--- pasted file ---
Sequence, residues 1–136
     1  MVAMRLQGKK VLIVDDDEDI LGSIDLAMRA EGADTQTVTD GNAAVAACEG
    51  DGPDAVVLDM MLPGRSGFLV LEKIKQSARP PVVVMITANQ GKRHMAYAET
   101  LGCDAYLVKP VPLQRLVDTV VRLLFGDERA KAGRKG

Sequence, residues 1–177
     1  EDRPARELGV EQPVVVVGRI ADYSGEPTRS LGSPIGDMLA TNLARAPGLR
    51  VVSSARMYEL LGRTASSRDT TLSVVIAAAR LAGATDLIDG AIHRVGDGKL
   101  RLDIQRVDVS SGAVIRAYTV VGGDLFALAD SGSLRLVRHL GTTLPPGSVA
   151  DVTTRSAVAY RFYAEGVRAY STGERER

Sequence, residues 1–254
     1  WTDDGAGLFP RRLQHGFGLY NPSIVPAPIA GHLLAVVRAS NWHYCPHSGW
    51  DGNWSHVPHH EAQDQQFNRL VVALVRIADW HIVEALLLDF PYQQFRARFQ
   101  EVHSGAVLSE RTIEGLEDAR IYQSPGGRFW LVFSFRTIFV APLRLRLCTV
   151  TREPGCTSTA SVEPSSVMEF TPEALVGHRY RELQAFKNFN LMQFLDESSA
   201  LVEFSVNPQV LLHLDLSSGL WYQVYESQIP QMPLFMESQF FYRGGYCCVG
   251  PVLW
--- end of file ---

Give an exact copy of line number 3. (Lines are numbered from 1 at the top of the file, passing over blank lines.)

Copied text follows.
    51  DGPDAVVLDM MLPGRSGFLV LEKIKQSARP PVVVMITANQ GKRHMAYAET